I started 2016 with one word: fearless.
In January I did many large grand scary things: traveling across the country alone, quitting my job, starting a new one. The two proceeding months have been full of forming routines out of the ripples from those tidal wave decisions.
My lease is up in July and I looked ahead to the next decision: moving—and to where? Nashville was in mind, but the opportunity fell through. LA was another idea, but I didn’t get the job. Colorado was an option, but it didn’t fit quite right. I frantically looked for places to go, opportunities to pursue, folks to stay with in those cities and places.
Then I realized yesterday: what I’m most afraid of is staying. I’m afraid of staying in a city without mountains or oceans or as many options. I’m scared I’m giving up adventure. I’m scared my story will be boring and my life will be haphazard and unimportant and forgotten. Perhaps that sounds harsh and melodramatic, but I’m just being honest.
I’m afraid I won’t visit all the countries I dream of. I’m afraid I’ll have gifts or passions or ideas that will go unpursued. I’m afraid I’ll settle for a less worthy life. Worthy of what? Remembrance? Being told? Being photographed? A good story? Since when is being remembered or extraordinary a criteria for a good story? I’m starting to ask myself harder questions.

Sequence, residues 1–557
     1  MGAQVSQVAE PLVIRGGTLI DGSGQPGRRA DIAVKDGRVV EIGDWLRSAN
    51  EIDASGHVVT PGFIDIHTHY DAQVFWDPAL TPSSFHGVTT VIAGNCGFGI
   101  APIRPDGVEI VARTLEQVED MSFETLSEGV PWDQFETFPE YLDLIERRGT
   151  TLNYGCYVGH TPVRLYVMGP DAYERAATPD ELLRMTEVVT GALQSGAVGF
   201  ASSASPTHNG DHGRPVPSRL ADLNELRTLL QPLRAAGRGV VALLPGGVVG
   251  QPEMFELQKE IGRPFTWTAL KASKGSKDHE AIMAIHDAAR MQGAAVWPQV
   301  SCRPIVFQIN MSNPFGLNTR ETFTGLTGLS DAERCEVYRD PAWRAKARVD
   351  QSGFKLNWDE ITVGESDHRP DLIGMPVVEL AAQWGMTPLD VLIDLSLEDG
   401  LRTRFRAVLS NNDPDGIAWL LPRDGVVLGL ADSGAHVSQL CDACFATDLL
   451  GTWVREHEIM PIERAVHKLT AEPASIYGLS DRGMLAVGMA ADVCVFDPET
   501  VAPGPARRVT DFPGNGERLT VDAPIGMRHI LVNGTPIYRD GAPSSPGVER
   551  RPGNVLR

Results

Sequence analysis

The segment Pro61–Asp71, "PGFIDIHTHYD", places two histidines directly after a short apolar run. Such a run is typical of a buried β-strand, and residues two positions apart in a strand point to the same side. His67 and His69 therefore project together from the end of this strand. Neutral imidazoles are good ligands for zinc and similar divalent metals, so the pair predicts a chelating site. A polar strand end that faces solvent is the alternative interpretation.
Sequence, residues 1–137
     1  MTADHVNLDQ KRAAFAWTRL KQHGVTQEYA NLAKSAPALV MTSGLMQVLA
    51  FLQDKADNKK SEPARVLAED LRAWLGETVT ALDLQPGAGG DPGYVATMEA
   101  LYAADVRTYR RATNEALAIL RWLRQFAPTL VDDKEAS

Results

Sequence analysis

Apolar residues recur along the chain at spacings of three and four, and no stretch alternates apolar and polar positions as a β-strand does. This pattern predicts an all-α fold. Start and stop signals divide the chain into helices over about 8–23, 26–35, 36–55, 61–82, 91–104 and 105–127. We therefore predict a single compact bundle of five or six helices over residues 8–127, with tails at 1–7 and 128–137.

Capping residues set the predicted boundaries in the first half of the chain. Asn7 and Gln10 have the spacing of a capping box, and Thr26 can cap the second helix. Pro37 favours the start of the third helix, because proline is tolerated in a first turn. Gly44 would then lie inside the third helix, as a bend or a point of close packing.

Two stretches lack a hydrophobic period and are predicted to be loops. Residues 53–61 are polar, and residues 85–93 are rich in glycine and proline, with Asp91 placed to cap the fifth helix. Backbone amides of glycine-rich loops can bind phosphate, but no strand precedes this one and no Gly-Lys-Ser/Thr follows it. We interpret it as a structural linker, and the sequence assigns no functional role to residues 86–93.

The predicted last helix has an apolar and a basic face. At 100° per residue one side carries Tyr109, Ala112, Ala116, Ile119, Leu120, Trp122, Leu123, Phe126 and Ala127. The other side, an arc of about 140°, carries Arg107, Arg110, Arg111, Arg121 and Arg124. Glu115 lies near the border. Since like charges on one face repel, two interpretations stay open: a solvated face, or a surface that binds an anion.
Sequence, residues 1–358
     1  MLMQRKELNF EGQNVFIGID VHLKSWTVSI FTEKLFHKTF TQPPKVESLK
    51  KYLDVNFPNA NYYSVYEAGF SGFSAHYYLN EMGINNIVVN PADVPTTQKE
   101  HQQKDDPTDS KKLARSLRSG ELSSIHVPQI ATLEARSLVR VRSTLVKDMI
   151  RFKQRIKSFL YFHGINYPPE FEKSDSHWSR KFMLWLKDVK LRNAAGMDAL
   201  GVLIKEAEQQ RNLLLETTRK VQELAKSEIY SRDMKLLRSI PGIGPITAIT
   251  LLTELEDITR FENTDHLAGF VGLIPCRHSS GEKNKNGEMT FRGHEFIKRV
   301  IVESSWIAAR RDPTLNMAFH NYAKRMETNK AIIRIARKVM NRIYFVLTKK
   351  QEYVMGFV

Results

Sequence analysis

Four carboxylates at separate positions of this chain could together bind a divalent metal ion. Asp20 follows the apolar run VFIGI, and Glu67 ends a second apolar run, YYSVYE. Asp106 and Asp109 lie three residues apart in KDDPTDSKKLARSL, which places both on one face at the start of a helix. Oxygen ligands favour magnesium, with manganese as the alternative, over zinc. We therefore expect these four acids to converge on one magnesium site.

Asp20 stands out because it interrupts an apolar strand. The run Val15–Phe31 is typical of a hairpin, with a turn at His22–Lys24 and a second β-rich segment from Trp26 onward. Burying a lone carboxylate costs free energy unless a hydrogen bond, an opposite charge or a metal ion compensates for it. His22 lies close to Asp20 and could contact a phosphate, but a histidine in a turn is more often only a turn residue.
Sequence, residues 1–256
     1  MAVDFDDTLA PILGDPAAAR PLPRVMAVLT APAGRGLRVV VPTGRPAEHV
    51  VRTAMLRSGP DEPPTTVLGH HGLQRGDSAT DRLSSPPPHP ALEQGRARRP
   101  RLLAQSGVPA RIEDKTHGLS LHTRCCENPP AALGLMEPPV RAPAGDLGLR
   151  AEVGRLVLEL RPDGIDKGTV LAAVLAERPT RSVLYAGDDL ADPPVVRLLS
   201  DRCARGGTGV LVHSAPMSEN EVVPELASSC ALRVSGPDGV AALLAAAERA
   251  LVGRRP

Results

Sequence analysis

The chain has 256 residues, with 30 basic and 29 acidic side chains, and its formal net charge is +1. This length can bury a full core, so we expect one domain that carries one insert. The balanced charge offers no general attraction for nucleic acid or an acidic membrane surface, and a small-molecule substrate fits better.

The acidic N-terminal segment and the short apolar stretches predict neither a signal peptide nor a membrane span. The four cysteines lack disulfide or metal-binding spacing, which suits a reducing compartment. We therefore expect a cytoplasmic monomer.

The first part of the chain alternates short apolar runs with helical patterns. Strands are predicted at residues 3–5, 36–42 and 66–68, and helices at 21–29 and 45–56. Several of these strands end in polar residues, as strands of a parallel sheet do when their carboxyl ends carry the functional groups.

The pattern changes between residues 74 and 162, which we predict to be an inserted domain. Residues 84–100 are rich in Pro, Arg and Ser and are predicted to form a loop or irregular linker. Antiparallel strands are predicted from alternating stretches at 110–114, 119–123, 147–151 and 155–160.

I didn’t ask for fearlessness like this. I wanted large, epic bravery, full of new languages and foods and little sleep and sore feet and full suitcases. There’s nothing picturesque or sexy about staying. I didn’t ask for this: this slow quiet bravery of staying.
But we don’t get to choose how bravery finds us. Sometimes I desire qualities, but I don’t think of what is required to cultivate them. Bravery and fearlessness sound extraordinary, but the reality is to attain them you must strike head-on what you fear most. To some folks that may be a road trip or a small paycheck. Those barely intimidate me. Normalcy scares me. A stationary life scares me. I didn’t realize how much until I recognized that may be what is next for me.
But here is the question: what is more important—an adventure or my character? How often I longfor adventure and what perhaps I’m pursuing most is selfishness. Not that adventure is always selfish, but when I desire my own adventure rather than character or relationship, it can become so.
I don’t know for certain if I’ll stay, that I’ll stay. But I know for certain that I want to become faithful. I want to become fearless, regardless of where I am. I want to trust that what God has for me is good. I want to be so secure in his faithfulness, that he cultivates mine. I want to come out of this life better and braver. Grand or quiet, I want my life to be fearless.